Who shall be heard? The Synod, 2015.

Chris McDonnell
I went searching the web for an image to head this week’s posting. There were plenty to choose from. But what struck me most of all was the preponderance of images of men earnestly talking or listening. There was hardly a woman in sight. Something made me feel uncomfortable.
After all, every man in the picture had been born of a woman whose love as a mother had sustained him through childhood and who in many cases was a causal factor in his perceiving a vocation, some may say an influence that, occasionally, was detrimental in the long term.
Yet as we are now in the early days of the Synod, considering the statements that arose from discussions a year ago, the question of women’s place in the Church cannot be set aside.
The mention of Dorothy Day in the speech made by Francis to Congress was recognition of the inspired life of one woman working in New York City over many years for the benefit of those on the margins of society.
We must become inclusive in every aspect of our lives as Christians. It is no longer plausible that a group of men, however well intentioned and sincere they might be, should decide the framework of our Christian living. As one respondent to the pre-Synod survey conducted in England and Wales put it: “It would seem that right now the Church may well have more to learn from marriage and family life than to teach.”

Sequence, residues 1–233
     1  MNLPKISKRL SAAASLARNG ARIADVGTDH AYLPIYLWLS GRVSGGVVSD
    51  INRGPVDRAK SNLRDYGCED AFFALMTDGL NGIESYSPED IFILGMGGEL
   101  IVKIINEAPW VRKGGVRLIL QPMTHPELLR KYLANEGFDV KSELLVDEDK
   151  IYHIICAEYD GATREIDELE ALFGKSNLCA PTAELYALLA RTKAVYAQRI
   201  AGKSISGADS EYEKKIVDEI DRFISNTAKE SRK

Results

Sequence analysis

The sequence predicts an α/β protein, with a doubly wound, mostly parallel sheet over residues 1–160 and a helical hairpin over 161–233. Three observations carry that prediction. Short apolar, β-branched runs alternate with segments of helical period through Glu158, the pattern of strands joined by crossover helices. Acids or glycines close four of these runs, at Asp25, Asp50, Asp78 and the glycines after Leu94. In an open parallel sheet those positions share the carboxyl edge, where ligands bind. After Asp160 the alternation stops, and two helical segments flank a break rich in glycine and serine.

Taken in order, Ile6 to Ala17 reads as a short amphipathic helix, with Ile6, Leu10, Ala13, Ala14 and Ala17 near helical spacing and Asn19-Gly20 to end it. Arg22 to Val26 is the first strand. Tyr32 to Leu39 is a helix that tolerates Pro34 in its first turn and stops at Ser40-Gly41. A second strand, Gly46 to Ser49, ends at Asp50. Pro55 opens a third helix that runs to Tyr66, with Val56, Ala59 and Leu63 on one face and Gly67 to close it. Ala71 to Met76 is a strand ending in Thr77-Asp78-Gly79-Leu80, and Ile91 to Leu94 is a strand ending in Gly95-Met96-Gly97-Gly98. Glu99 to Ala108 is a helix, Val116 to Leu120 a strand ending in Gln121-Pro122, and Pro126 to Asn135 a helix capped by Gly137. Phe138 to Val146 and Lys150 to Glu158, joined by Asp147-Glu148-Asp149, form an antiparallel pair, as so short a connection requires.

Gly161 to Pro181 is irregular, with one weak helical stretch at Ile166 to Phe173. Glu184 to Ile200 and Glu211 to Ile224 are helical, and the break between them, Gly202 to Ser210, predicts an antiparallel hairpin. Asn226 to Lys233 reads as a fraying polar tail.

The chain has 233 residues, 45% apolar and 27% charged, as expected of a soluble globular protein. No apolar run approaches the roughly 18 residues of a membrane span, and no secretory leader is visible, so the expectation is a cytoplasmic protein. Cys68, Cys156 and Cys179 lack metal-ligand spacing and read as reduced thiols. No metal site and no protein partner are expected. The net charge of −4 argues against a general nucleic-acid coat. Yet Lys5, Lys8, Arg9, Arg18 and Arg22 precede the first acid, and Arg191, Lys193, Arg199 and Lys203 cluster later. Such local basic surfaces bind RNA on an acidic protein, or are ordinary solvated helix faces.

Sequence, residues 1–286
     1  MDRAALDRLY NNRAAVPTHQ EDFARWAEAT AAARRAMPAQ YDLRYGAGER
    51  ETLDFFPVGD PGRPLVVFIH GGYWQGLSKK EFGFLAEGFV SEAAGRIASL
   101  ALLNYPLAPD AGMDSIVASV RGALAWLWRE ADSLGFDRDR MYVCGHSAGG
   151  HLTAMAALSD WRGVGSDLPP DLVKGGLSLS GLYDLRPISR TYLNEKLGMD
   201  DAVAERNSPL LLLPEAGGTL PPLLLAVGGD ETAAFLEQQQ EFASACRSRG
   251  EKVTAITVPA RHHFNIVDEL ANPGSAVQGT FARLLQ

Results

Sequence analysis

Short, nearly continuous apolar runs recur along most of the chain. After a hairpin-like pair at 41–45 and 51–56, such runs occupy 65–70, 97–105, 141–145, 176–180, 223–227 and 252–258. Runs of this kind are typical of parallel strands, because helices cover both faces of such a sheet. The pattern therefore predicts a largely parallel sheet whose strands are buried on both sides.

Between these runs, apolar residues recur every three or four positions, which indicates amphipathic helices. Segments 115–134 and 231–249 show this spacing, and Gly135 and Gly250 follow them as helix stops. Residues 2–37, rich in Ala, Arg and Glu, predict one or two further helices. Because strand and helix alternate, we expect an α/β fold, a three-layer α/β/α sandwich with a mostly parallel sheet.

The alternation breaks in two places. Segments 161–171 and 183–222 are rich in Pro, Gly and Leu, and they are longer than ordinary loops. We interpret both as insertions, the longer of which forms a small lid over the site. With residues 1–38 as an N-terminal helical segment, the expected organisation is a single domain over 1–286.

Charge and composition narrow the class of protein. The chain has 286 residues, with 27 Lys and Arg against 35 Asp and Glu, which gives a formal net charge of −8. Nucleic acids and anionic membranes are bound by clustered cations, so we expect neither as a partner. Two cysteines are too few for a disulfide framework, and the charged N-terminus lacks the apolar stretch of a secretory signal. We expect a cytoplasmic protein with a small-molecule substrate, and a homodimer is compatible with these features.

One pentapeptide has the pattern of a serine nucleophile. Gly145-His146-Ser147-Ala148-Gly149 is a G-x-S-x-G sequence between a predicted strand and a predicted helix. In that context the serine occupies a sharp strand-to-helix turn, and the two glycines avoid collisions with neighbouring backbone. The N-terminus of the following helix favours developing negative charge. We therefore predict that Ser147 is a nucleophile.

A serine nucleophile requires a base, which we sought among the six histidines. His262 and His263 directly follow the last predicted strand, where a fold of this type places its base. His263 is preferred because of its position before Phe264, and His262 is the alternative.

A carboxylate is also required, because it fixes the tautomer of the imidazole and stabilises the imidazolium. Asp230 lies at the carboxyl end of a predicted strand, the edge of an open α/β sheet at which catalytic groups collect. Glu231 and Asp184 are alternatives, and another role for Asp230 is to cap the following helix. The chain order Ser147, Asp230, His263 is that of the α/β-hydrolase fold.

It is hard to respond to what is only perceived from the outside. The joys and tensions, hopes and fears of the family can be talked about endlessly, appreciated in many ways but, I would suggest, such an exchange can never match the reality of the experience. To say “I love you” is all very well; to understand something of the implication of saying those words is part of a lifetime’s experience.
No doubt there will be considerable time taken this week asking each other about the edges, what can be done and what can’t, writing the rule book for others to practice. In many instances, that is already too late. Humanae Vitae is a document that has little meaning within the practice of conjugal love in the family. That is not about selfishness but about care and respect for each other and the children already born through the love of their parents.
Many other matters will be discussed and views formulated and the tea-makers of the parish will be expected to accept what they are given and carry on making the tea.
Great assemblies benefit from the contributions of both men and women. It would be unthinkable that the UK parliament or the US Senate could now be exclusively male. It is time that the Christian Church led by Francis, Bishop of Rome, came to a similar conclusion.

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